Using branching in source control to meet Sarbanes-Oxley requirements
Someone posted this question recently in the newsgroups.
I have a question concerning promotion processes using Source Control. Due to requirements from Sarbanes-Oxley (SOX), we will need to have tight controls on source code that is being checked into UAT and Production such that it will pass an audit showing that is being tightly controlled by the properly authorized personell. This, of course, is different from the requirements in the normal day-to-day development process.
How will/should scenarios such as this be handled?
Doug Neumann, the Hatteras PM, responded with the following.
This is actually a really involved question and the answer ultimately depends on the tool you are using for source control. I’m a program manager for Team Foundation, so let me explain to you how we advocate users do this. Just in case you aren’t familiar with Team Foundation, you can read more at http://msdn.microsoft.com/vstudio/teamsystem.
With Team Foundation, we advocate that users model promotion levels with branches. Effectively, successive levels of promotion are handled in different branches of the source code. Developers typically do their work in the branch corresponding with the lowest promotion level. Changes are merged to higher levels of promotion when they are ready. Following each promotion, there may be a period of stabilization in the target branch when developers can check in to that branch directly in order to address bugs that weren’t caught before promotion. With Team Foundation, we even have the ability to cherry-pick specific bug fixes when merging between branches, so you don’t have to take unwanted changes from the source branch, even if they exist in the same file.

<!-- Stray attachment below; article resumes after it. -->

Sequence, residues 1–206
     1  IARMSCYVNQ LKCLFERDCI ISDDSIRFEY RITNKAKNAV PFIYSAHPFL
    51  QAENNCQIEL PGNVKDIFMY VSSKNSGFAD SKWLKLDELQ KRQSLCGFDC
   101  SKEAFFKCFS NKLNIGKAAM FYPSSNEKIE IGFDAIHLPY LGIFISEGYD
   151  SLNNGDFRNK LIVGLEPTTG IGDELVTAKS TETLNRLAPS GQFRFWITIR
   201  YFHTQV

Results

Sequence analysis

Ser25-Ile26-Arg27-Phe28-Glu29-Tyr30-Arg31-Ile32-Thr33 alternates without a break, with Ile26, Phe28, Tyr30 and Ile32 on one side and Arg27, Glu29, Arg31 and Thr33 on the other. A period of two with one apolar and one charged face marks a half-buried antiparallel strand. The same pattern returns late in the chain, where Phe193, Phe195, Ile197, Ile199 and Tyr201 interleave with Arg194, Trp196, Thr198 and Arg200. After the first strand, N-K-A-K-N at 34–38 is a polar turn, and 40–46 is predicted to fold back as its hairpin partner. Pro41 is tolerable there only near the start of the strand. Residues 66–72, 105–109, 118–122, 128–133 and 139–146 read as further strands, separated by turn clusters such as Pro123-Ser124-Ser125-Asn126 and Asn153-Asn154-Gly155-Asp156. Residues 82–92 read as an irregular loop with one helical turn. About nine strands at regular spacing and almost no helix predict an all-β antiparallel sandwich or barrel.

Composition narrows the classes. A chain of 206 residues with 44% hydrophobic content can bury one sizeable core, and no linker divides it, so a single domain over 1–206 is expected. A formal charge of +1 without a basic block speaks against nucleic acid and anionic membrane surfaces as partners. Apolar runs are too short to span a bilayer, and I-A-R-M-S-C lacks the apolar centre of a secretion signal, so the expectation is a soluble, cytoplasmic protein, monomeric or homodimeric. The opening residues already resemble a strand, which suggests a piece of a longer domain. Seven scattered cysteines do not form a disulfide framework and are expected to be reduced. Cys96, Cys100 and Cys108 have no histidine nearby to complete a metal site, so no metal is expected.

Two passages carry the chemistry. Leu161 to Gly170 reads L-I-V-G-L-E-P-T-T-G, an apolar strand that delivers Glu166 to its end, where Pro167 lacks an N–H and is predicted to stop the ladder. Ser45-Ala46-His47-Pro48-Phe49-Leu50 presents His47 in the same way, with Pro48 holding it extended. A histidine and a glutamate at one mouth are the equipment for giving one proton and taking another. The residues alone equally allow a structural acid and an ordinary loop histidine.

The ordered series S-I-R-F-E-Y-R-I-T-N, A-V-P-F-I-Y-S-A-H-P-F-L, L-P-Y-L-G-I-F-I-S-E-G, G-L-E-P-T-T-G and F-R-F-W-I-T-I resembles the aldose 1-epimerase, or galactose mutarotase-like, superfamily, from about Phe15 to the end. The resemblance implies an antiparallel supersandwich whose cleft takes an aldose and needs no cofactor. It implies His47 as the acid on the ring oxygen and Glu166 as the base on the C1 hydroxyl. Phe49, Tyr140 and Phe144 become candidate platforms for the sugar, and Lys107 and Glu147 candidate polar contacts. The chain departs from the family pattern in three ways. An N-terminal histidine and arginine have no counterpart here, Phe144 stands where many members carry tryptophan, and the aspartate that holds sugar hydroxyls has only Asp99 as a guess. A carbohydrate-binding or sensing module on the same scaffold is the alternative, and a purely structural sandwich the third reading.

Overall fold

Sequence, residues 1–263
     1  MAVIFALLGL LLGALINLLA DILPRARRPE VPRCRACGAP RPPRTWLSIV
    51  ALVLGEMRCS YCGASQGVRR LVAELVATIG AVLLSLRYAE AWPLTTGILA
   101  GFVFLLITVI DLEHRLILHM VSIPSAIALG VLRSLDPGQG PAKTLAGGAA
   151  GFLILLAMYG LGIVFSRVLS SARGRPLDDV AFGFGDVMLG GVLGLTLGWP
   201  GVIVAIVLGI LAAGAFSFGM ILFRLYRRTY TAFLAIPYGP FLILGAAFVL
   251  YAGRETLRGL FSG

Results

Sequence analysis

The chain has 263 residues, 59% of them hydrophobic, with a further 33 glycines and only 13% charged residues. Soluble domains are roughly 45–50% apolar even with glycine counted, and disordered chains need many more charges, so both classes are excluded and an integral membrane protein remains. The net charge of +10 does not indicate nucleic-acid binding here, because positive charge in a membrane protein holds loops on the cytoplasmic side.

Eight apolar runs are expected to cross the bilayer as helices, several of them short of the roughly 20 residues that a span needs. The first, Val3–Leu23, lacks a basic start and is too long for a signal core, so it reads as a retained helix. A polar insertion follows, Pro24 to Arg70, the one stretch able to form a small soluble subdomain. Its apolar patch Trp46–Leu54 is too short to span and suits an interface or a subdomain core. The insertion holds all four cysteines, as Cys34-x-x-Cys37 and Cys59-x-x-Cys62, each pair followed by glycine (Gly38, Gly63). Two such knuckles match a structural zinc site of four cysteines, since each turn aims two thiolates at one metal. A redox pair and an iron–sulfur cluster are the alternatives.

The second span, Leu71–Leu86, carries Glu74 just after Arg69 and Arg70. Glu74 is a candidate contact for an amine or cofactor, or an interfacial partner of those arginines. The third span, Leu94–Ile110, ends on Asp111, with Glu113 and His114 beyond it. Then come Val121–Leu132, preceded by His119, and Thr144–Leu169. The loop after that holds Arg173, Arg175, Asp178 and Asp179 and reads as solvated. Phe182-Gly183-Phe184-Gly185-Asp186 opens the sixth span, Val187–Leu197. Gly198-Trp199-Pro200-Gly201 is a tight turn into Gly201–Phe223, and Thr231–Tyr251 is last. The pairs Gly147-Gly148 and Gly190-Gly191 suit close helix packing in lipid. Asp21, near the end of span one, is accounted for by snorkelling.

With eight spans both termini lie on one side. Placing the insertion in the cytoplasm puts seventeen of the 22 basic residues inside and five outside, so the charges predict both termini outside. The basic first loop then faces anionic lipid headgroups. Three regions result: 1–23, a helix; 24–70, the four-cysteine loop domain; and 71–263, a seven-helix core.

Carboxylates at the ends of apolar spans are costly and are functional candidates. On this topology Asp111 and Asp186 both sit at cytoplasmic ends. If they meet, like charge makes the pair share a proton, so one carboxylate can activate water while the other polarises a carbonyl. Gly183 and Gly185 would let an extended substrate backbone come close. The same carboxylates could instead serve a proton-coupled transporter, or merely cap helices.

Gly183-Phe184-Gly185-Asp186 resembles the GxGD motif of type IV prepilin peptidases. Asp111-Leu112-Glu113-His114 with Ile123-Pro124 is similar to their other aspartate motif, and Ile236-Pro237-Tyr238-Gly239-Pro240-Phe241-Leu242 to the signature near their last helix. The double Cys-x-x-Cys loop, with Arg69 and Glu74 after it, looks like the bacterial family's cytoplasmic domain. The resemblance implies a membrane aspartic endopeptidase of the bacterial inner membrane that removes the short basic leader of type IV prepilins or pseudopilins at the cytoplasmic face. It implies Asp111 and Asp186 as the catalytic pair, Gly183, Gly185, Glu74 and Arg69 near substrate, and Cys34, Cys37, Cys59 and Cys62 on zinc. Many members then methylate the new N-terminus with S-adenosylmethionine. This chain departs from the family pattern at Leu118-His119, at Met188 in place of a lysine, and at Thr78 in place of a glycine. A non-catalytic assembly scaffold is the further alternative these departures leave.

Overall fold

With Team Foundation, as with VSS, we create branches in the path space of the repository. To the user, the branch operation looks like a copy operation, but we maintain a lot of state about the relationship between files that makes it possible for us to handle merging changes in an intelligent fashion. One nice thing about path-space branching is that we can use normal file system ACLs to manager access rights. Where this comes into play with promotion modeling is that you can lock down each branch so that only authorized users are allowed to check in to them.
So to get the SOX compliance you’re looking for, we’d advise you to create at least 2 promotion levels. The first would be the dev branch where day to day work is performed. The second is the approved branch where approved changes are merged. You would then lock down that second branch so that only the authorized personnel could check into it. Because your source is in version control, you’ll always have the audit trail of who changed what to prove that only authorized people have been making changes in that branch.
[Update] Fixed formatting.